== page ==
Utah Travel Headlines Blog

Wednesday, October 25, 2006

Storms Raise Lake Powell By 5 Feet In October

October storms have caused the surface elevation of Lake Powell to rise 5 feet, according to this article in the Grand Junction (Colorado) Sentinel.

Normally, the lake’s level drops slightly through the fall, and the lake doesn’t start to rise until snowmelt swells in the late spring. But October storms have dumped on southern Utah and western Colorado, and the resulting runoff eventually ends up in Powell.

This is the 50th anniversary of the Colorado River Storage Project Act of 1956, which authorized the building of Glen Canyon Dam. The Sentinel article says Lake Powell proved its usefulness during the recently ended drought. Water stored in the reservoir was released to keep Colorado River flows up, minimizing drought damage in the Southwest. Some environmentalists favor decommissioning the dam, but Bureau of Reclamation officials say that isn’t going to happen.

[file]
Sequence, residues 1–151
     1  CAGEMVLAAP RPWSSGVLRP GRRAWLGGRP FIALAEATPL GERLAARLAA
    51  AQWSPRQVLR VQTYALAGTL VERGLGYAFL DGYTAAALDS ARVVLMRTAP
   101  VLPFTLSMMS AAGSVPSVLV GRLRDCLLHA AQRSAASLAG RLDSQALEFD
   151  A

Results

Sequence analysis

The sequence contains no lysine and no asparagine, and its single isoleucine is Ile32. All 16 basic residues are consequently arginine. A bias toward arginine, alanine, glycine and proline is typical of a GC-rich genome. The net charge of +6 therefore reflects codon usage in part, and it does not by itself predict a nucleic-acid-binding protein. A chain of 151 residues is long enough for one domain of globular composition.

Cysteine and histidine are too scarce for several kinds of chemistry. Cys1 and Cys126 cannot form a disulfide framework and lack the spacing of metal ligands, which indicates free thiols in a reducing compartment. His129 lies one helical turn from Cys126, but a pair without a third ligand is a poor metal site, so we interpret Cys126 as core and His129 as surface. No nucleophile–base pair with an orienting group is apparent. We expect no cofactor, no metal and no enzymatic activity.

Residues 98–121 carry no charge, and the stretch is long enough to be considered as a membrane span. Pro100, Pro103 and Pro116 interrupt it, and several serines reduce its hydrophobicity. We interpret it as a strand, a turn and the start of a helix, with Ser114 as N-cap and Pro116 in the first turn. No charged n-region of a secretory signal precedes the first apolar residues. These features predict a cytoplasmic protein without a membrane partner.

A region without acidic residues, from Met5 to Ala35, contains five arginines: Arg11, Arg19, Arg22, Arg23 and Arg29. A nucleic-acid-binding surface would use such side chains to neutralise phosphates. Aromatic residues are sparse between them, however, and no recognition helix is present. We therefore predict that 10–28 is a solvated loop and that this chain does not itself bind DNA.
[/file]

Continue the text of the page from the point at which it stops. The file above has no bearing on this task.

The National Park Service has issued this news release touting fall recreational opportunities at Lake Powell, which is located in Glen Canyon National Recreation Area.

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